SAIPAN, Northern Mariana Islands -- A proposal in the U.S. Congress to impose federal immigration laws on the Northern Mariana Islands is worrying officials of the U.S. territory.
The government of the Marianas said Congress' plan to slap federal guest-worker rules on the islands would put their fragile economy into a tailspin, The Washington Post reported Monday.
About half of the Marianas 60,000 residents are temporary workers who are employed by garment factories dependent on cheap foreign labor.
Two bills, one introduced in the U.S. House of Representatives and another in the U.S. Senate, are aimed at preventing the Marianas and other U.S. territories from becoming an entry point to reach the United States.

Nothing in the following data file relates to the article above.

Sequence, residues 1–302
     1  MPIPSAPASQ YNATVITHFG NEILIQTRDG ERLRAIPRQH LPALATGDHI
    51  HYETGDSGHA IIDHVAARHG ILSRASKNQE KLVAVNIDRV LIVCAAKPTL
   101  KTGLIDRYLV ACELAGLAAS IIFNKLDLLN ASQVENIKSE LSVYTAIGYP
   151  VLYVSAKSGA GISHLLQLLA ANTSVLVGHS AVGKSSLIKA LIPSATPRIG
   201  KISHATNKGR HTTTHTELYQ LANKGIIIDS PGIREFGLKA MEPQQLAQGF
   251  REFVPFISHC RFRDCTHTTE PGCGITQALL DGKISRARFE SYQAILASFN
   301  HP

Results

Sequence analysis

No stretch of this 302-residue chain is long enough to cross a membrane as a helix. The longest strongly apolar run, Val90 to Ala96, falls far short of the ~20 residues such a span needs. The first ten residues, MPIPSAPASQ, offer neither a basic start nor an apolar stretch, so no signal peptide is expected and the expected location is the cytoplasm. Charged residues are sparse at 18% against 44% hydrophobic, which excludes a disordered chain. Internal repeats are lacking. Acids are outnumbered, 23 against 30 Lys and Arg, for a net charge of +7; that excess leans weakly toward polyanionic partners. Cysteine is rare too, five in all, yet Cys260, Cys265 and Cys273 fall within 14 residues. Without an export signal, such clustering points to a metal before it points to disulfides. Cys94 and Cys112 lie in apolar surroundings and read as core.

The Post said proponents of the legislation consider the Mariana Islands a magnet for human trafficking and a hole in U.S. homeland security.
"We think we are much better qualified to administer to our own needs, as opposed to bureaucratic federal offices 9,000 miles away," Richard Pierce, a special assistant to the Marianas governor, told the Post.
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